Sudan is mired in economic difficulties including an acute foreign currency shortage and soaring inflation.

The crisis has worsened despite the lifting of an economic embargo by the United States in October 2017.

Inflation is running at close to 70 percent and the Sudanese pound has plunged in value, while shortages in bread and fuel have been reported across several cities including Khartoum.

Since the start of the protest movement, Sudanese authorities had arrested several anti-government figures with liberal and communist backgrounds.

Al Jazeera and news agencies


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When Ontario declared a COVID-19 health emergency last spring, the first instinct of Ottawa entrepreneur Peter O’Blenis was to preserve cash.

“We basically stopped our discretionary spending,” said O’Blenis, the co-founder and CEO of Evidence Partners, which makes software for accelerating the review of scientific and medical literature, using artificial intelligence. “We cut investments in things meant to help us grow.”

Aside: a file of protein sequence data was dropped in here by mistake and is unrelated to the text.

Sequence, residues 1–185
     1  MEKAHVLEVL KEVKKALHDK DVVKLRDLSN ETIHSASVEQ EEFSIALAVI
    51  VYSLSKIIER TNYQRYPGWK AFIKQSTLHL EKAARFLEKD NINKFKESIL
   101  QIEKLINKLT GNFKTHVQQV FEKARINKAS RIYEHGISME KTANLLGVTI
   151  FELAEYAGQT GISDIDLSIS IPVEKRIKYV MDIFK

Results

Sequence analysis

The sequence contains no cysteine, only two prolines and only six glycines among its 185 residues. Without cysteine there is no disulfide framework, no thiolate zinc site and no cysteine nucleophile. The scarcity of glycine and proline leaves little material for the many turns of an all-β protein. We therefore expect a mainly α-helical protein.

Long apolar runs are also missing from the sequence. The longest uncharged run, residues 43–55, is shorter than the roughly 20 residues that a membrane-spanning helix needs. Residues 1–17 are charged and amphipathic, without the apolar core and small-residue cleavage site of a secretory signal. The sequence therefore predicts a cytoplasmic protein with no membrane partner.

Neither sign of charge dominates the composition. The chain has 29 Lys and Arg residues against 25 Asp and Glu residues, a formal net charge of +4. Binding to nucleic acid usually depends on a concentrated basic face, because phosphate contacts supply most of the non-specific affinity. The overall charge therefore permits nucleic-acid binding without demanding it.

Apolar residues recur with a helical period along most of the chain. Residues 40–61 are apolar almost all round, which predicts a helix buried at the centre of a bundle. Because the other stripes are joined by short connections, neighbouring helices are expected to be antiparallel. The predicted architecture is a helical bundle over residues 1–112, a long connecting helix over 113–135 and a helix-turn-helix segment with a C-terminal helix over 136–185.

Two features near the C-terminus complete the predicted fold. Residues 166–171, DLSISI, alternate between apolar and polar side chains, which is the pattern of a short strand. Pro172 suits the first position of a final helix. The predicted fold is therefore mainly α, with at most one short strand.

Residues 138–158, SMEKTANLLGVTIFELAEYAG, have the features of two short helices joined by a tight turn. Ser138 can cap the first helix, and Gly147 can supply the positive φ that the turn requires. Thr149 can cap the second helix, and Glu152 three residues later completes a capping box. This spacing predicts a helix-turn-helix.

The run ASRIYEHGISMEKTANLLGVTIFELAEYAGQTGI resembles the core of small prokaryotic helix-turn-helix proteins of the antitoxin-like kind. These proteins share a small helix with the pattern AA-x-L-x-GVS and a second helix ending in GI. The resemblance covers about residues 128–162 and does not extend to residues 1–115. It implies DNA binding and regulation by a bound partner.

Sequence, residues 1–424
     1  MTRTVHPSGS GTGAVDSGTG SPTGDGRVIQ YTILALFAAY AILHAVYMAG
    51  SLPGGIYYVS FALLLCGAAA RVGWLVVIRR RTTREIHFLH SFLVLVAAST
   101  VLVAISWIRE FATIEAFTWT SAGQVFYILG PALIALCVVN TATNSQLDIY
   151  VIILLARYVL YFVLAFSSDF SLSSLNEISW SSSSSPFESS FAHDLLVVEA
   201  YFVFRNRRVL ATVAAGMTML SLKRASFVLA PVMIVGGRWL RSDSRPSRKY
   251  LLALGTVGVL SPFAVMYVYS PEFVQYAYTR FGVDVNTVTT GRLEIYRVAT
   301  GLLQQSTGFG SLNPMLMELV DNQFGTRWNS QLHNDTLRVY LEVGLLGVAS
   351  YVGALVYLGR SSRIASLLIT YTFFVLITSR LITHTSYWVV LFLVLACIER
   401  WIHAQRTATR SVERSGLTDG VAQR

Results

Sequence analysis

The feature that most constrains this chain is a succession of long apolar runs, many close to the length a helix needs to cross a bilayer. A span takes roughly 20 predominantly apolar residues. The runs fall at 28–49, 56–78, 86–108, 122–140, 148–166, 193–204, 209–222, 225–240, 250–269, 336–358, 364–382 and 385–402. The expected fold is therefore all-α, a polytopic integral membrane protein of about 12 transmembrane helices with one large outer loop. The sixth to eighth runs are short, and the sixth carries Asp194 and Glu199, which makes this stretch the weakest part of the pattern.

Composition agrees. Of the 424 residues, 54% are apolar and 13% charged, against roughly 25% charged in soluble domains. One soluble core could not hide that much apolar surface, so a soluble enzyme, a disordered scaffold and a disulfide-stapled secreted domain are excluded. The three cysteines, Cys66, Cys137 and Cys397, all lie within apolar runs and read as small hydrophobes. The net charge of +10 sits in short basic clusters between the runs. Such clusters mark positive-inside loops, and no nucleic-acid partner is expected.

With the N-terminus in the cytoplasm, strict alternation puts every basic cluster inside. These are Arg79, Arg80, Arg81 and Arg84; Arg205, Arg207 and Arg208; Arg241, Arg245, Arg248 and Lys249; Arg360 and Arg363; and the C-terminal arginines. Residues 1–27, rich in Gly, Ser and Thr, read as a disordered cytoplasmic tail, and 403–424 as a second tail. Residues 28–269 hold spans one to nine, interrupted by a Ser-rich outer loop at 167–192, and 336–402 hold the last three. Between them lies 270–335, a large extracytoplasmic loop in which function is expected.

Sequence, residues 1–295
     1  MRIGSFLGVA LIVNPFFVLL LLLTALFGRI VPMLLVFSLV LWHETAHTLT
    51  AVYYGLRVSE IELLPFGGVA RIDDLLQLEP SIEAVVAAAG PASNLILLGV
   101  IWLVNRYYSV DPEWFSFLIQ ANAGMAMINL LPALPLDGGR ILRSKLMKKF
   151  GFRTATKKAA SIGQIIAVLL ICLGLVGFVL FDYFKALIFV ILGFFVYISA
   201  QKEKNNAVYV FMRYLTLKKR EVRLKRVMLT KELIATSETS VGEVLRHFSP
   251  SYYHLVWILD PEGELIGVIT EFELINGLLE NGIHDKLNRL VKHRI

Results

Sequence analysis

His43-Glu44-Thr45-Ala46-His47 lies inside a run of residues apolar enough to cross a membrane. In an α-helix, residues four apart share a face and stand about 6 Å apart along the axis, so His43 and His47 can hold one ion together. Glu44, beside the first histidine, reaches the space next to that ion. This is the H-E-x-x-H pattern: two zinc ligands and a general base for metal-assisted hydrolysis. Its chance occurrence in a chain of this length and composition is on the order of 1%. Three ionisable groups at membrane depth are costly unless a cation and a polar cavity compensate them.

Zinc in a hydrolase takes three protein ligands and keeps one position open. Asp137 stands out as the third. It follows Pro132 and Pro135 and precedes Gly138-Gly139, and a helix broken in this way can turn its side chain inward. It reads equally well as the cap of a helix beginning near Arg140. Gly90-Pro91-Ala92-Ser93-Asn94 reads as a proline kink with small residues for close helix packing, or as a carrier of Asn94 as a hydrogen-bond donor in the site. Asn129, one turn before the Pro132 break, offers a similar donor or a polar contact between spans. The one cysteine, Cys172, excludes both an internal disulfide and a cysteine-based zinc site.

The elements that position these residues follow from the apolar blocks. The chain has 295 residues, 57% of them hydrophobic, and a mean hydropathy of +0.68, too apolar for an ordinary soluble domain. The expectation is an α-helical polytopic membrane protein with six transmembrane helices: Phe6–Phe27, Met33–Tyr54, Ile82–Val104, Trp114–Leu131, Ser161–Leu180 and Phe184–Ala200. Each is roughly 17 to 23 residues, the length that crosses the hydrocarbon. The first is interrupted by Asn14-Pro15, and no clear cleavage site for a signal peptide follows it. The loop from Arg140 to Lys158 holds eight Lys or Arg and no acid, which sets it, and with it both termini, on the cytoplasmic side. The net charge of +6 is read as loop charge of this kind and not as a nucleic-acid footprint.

It was a defensive posture born of experience. O’Blenis had 12 years earlier nearly been crushed by the global financial crisis. Another looked to be on the way.

In 2008, O’Blenis and his colleagues, Jonathan Barker and Ian Stefanison, hit a brick wall with their first venture, TrialStat, which helped hospitals manage patients’ electronic data. While TrialStat had secured $5.5 million in venture financing just a couple of years earlier, the founders had burned through most of it during a rapid expansion. When the financial world collapsed, so did their firm.

The trio played things far more conservatively with Evidence Partners, which has relied almost exclusively on customer revenues to finance expansion.